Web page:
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Mood instability about personality disorder

This is a chronic problem for people with personality disorder.
Relatively small things can have huge consequences. This causes further problems for the person who cannot explain their emotions in terms of an understandable response to circumstances. This leads to one of the most difficult presentations seen in personality disorder: ‘exaggerations and untruths’. People with personality
disorder often talk in parables. They will tell you a story that explains or accounts for the way they feel. The following scenario illustrates this.

Scenario

Alison was a woman who had suffered multiple sexual abuses throughout her life. She was so damaged by these that she viewed any sexual advances or behaviours as assaults and was totally unable to understand healthy sexual desire or activity. While travelling on a bus one day, she noticed a male passenger looking at her. Immediately, she interpreted this as a danger signal.
She felt that she was being assaulted and became extremely distressed.
She went to the community centre for support. However, she knew that she could not explain her extreme emotional distress in terms of the truth (i.e. a man on the bus looked at me). Therefore, in order to make sense of her distress and get the support she needed, Alison told the staff that a man sexually assaulted her on the bus.
Although not literally true, the emotions behind this event were true.

Since it is often impossible to determine the underlying truth in these situations,the health care professional is in a position where it becomes impossible to be sure about what actions are appropriate Therefore, in these situations it is important to focus on the needs of the person rather than respond to the literal presentation.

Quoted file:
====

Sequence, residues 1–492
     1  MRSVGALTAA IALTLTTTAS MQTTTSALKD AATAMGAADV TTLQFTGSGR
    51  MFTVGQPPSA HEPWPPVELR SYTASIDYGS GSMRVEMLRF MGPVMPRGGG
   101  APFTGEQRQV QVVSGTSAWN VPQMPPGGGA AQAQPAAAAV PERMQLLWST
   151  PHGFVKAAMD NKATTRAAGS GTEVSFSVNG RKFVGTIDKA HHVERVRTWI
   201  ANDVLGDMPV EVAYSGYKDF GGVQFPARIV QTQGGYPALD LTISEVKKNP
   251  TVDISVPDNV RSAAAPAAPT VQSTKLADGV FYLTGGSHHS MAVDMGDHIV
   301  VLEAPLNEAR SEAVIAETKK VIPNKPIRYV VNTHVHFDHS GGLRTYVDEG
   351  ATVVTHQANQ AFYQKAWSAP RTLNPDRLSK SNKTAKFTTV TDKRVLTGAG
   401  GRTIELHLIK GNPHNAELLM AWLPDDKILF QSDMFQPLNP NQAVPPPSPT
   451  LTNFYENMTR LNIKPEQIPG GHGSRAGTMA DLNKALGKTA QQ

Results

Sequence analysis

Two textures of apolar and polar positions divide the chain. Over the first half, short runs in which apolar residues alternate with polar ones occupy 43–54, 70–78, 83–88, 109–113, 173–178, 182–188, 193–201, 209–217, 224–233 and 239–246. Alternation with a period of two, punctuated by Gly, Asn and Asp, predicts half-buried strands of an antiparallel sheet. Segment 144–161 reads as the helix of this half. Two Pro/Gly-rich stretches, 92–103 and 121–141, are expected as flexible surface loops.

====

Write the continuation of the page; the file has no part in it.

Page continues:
In Alison’s case, for example, if the staff respond to the emotional need they will be able to give Alison the support she needs and dissipate the situation; if however, they respond to the situation they may have involved the police or bus company leading to more stress and problems for Alison, who would be left having to elaborate on her story – and possibly even being caught out lying, leading to more
distress and self-loathing. This process often damages the therapeutic relationship and exacerbates the whole situation.
While dealing with these situations, especially in the early stages of treatment, it is better not to ‘add insight to injury’ and instead simply address the emotion behind the story and look to meet the ‘expressed need’. Later on in the treatment process,
the client can be supported to understand this process and moderate their behaviours accordingly. Until this level of understanding and social skill is achieved, it is best to offer support to your client without either challenging or acting on the story itself.

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